Cybercriminals function on the principle that disrupting legitimate businesses’ is the secret to thriving in the ever-expanding digital landscape. This thought process drives them to innovate and develop robust attack techniques. With businesses tightening their security perimeter, individual criminals have resorted to joining hands with like-minded players to form ransomware gangs. Ganging up helps them target several companies at once and get bigger payouts. According to BlackFog's statistical reports 2022, ransomware gangs and malicious hackers are targeting industries like technology, manufacturing, healthcare, and government. The impact of such gangs can be gauged by a sharp uptick in average ransomware demands, which jumped 518% in 2021 compared to 2020. One of the most recent ransomware gangs that have emerged is known as Black Basta.
The Black Basta ransomware gang
The cyber-world has encountered renewed onslaught from a new ransomware gang, Black Basta, which emerged on the scene in April 2022. It has so far masterminded several breaches and demanded millions of dollars in ransom after encrypting or stealing data. Companies cutting across sectors and geographies have been the target of this gang. In little over a month, this cybercriminal group has infiltrated 12 different companies, including the Deutsche Windtechnik (11th April) and the American Dental Association (22nd April).
How does the gang use the ransomware?
This ransomware gang uses ransomware christened Black Basta, which leverages multi-extortion techniques. Its encryptor algorithm requires administrative privileges to execute the encryption process. The malware used by this gang is quite tough to detect because it works in stealth and rarely manifests any symptoms. It hijacks any existing Windows services (for example, the Fax service in Windows) and uses them to launch the encryption process. Also, it exfiltrates sensitive and personal corporate data before encrypting them.
The ransomware gang does so to threaten release if the victim does not pay up. The gang has been known to use the double extortion technique and release a few files at a time on the web to pressure the company.
Once exfiltrated and encrypted, each file within the victim's system gets converted to a ".basta" file extension. To warn the victim, the ransomware will change the victim's desktop wallpaper with the message: "Your network got encrypted by the Black Basta group. Instructions in the file readme.txt." This text file will contain a link and unique ID to negotiate the ransom. Further, the ransomware pivots the victims to a Tor network where the gang hosts the "Black Basta Blog" or "Basta News" sites. These sites showcase a list of all Black Basta victims who did not pay up. Cybersecurity expert Michael Gillespie analyzed this ransomware's encryption process and concluded that it utilizes the ChaCha20 algorithm for encrypting the files. This ChaCha20 encryption technique uses a robust public RSA-4096 key.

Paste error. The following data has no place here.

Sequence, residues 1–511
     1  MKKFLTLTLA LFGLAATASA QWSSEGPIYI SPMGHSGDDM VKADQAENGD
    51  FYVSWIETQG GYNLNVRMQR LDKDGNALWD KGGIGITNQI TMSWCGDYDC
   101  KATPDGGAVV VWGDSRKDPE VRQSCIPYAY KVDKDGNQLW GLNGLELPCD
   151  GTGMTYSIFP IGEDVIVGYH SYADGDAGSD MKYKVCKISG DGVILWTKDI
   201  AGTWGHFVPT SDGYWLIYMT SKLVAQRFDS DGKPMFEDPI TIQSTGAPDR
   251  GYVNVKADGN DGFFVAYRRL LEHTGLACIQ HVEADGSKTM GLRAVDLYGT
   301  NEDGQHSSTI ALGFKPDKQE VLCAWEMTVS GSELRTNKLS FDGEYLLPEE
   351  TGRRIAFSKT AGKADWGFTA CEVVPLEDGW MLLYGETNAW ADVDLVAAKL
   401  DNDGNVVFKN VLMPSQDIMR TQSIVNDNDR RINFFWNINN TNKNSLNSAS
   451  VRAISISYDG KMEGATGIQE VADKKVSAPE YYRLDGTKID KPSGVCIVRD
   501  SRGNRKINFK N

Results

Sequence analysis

How can enterprises protect against this ransomware gang?
The first telltale sign of a breach is that the victims will see a perceptible lag in their system. You can scan the running services to detect impulsive, malicious, and unfamiliar processes draining your RAM and CPU power.
Here are a few proactive steps you can take to help protect your data from the Black Basta gang.
Enabling robust defence strategies
Deploying defensive programs and applications like web filtering, endpoint scanning and filtering tools, anti-ransomware solutions, firewalls, network traffic analyzers, etc., can help the entire corporate system prevent ransomware threats.
Create multiple isolated backups
Encrypted data backup on multiple isolated devices helps protect companies' day-to-day digital records and valuable data from ransomware attacks. Continuous backup and encrypting of sensitive data will make it hard for the ransomware gangs to steal and blackmail the company.
Leverage Cloud data loss prevention (DLP)
Ransomware gangs try to exfiltrate sensitive data first. Implementing cloud DLP solutions will help analyze the scope and context of various inbound and outbound data packets. DLP also provides threat pattern recognition algorithms to predict threats and prevent data loss and sensitive data leakage.